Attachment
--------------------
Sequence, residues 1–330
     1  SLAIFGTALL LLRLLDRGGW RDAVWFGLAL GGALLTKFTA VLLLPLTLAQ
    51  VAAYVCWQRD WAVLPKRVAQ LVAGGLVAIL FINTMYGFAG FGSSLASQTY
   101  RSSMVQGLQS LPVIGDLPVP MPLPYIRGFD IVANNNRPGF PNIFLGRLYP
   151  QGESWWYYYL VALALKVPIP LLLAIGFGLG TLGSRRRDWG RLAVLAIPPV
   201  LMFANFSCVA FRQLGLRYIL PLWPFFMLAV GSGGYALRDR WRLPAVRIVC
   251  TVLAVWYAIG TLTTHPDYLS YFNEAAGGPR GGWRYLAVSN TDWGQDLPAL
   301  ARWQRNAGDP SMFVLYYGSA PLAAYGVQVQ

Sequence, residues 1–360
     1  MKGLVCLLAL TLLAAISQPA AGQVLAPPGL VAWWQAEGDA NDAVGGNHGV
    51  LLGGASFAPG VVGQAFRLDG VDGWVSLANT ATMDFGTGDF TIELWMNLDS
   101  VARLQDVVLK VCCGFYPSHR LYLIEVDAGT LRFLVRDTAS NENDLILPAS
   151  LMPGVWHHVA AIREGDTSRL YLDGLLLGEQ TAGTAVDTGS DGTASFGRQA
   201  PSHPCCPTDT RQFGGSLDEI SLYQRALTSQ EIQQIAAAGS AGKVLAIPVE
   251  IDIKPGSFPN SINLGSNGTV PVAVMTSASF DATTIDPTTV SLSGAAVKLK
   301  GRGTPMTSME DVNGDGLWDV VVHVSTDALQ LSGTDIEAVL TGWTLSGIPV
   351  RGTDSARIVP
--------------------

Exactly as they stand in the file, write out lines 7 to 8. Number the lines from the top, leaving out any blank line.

   251  TVLAVWYAIG TLTTHPDYLS YFNEAAGGPR GGWRYLAVSN TDWGQDLPAL
   301  ARWQRNAGDP SMFVLYYGSA PLAAYGVQVQ